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  1. #1
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    SQL Server only allows 1 TIMESTAMP column per table

    Hallo -- due to some fairly horrendous sins in a previous life (I can only imagine genocide or something similarly grave), I am having to use SQL Server 2000 as the db for my web app.
    When I've tried to create both created_on and updated_on columns in a table, I have been informed that I am only allowed one timestamp per table.
    Has anyone else come up against this & managed to find a workaround?
    Please believe me when I say that if switching to postgres or mysql was an option, I would have taken it already!
    I hate M$.
    Cheers for any & all help,
    doug.

  2. #2
    ☆★☆★ silver trophy vgarcia's Avatar
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    Edit:

    this thread has nothing to do with Ruby so I'm moving it.


    Why don't you use a datetime datatype for one of those fields?

    I also don't see what's so horrible about SQL Server; I prefer using it to most other database systems. Using M$ is also a surefire way to sound smart

  3. #3
    SQL Consultant gold trophysilver trophybronze trophy
    r937's Avatar
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    Quote Originally Posted by biot023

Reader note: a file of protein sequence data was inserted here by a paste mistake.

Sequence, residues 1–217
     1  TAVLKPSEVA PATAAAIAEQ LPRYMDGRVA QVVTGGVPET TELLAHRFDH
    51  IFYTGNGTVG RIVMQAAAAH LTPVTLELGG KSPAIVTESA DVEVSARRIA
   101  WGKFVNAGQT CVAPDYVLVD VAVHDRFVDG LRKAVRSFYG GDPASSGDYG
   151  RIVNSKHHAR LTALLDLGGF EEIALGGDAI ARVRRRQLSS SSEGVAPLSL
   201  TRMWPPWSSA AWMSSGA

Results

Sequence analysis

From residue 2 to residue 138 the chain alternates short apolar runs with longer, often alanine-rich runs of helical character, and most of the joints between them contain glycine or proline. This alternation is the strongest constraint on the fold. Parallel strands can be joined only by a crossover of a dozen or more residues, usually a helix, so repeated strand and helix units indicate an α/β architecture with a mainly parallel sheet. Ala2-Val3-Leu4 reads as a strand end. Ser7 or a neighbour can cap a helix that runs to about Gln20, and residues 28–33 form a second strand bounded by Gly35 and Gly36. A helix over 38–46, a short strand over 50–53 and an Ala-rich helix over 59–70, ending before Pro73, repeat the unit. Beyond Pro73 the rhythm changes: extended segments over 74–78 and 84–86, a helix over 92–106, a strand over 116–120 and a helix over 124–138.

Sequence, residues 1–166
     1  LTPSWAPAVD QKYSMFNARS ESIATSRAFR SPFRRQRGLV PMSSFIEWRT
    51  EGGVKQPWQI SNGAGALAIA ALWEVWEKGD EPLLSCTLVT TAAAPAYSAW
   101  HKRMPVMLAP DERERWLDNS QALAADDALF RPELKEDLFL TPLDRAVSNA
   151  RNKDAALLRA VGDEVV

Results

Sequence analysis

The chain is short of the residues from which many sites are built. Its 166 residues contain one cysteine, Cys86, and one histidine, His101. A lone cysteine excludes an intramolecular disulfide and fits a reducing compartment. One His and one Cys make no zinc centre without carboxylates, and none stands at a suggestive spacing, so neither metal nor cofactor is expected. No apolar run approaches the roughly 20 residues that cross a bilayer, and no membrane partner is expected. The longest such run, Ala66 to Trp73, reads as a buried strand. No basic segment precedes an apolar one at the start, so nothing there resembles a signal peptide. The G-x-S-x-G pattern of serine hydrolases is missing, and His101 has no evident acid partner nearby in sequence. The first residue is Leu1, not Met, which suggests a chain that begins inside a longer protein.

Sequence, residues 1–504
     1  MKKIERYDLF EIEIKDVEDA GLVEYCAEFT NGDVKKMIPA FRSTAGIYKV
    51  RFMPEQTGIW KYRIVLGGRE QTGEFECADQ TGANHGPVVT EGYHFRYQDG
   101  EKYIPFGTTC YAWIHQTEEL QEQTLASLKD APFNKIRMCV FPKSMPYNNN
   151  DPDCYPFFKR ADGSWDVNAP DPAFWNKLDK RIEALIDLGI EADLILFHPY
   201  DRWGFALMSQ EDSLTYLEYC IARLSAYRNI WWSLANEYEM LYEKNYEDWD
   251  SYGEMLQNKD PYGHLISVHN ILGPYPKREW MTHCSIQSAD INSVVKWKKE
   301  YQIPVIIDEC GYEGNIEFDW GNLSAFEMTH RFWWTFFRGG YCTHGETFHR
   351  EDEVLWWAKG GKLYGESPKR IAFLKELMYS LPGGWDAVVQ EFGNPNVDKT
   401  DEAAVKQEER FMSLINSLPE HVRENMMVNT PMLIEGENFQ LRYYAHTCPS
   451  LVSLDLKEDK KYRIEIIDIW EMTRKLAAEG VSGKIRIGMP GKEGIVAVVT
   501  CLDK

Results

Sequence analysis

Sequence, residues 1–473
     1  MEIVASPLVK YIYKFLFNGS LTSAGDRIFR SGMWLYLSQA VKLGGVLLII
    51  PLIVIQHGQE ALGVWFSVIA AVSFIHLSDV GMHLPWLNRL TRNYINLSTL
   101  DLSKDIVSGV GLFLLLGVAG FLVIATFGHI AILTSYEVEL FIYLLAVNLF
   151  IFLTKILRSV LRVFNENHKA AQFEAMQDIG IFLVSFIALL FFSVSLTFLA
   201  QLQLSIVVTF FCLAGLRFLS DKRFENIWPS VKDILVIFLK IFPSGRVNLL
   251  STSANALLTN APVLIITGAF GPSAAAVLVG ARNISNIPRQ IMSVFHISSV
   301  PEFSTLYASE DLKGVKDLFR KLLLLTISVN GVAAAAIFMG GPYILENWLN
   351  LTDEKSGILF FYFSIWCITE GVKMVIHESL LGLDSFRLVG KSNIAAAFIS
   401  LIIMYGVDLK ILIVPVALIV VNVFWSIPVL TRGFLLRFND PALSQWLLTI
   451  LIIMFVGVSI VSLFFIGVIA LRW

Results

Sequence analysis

I have been informed that I am only allowed one timestamp per table.
    who told you this? sql server doesn't have timestamp data types, just DATETIME
    rudy.ca | @rudydotca
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    "giving out my real stuffs"

  4. #4
    SitePoint Guru silver trophy Luke Redpath's Avatar
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    I believe this post is related to the SQL Server driver for RubyOnRails, so perhaps is best in the Ruby forum after all.

  5. #5
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    Yes, I perhaps should have put a little more detail in -- I am specifically creating created_on and updated_on attributes in Ruby ActiveRecord objects -- I was hoping this was kind of explicit in the context of the Ruby forum.
    Will be using a DATETIME now & I'll let people know how I get on.
    BTW -- the M$ thing would be a flaming issue for another place, and as it's me that raised it here, I'll retract & apologise!
    Cheers,
    doug.

  6. #6
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    DATETIME seems to be working great, cheers -- there does appear to be a TIMESTAMP datatype, but it isn't what anyone coming over from standardised SQL might think it is.
    Thanks again,
    doug.


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